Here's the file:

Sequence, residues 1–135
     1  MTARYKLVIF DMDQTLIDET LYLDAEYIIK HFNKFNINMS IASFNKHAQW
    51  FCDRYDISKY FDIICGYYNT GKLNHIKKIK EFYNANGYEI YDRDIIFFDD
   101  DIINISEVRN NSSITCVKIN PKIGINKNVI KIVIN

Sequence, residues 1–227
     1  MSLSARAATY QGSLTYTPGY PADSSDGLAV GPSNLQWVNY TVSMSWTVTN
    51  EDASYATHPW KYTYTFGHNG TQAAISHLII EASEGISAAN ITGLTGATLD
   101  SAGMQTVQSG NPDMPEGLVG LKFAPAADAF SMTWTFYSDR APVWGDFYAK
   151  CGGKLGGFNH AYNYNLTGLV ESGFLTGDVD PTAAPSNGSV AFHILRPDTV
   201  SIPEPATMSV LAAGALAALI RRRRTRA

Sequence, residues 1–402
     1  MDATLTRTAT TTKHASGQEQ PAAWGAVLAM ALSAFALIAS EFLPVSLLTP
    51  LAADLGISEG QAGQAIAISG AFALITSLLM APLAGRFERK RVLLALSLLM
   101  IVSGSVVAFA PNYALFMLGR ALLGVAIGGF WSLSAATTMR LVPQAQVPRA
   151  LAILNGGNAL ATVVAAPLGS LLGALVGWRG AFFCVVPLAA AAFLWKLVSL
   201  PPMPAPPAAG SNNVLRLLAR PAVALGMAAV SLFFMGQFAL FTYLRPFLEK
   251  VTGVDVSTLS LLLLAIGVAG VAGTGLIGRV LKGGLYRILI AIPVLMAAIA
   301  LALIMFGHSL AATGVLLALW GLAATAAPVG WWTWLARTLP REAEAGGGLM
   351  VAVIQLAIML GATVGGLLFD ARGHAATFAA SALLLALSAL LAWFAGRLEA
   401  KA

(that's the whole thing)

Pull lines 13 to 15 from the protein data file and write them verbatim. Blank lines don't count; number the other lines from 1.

    51  LAADLGISEG QAGQAIAISG AFALITSLLM APLAGRFERK RVLLALSLLM
   101  IVSGSVVAFA PNYALFMLGR ALLGVAIGGF WSLSAATTMR LVPQAQVPRA
   151  LAILNGGNAL ATVVAAPLGS LLGALVGWRG AFFCVVPLAA AAFLWKLVSL